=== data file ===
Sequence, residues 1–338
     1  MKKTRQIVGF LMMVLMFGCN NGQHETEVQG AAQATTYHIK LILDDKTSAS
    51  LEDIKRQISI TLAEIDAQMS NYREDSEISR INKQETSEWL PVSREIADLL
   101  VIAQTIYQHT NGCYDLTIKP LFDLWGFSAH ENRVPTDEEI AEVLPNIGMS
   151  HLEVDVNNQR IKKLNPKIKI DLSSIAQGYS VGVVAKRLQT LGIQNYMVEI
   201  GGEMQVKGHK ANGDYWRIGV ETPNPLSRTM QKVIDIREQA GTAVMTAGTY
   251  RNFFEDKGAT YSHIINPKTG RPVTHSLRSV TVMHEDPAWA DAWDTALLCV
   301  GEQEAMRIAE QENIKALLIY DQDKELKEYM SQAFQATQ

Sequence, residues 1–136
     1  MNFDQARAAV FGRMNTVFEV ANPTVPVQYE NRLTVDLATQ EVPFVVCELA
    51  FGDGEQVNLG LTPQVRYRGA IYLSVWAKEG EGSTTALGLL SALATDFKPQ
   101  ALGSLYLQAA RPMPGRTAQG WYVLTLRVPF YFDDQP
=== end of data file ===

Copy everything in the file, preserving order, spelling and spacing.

Sequence, residues 1–338
     1  MKKTRQIVGF LMMVLMFGCN NGQHETEVQG AAQATTYHIK LILDDKTSAS
    51  LEDIKRQISI TLAEIDAQMS NYREDSEISR INKQETSEWL PVSREIADLL
   101  VIAQTIYQHT NGCYDLTIKP LFDLWGFSAH ENRVPTDEEI AEVLPNIGMS
   151  HLEVDVNNQR IKKLNPKIKI DLSSIAQGYS VGVVAKRLQT LGIQNYMVEI
   201  GGEMQVKGHK ANGDYWRIGV ETPNPLSRTM QKVIDIREQA GTAVMTAGTY
   251  RNFFEDKGAT YSHIINPKTG RPVTHSLRSV TVMHEDPAWA DAWDTALLCV
   301  GEQEAMRIAE QENIKALLIY DQDKELKEYM SQAFQATQ

Sequence, residues 1–136
     1  MNFDQARAAV FGRMNTVFEV ANPTVPVQYE NRLTVDLATQ EVPFVVCELA
    51  FGDGEQVNLG LTPQVRYRGA IYLSVWAKEG EGSTTALGLL SALATDFKPQ
   101  ALGSLYLQAA RPMPGRTAQG WYVLTLRVPF YFDDQP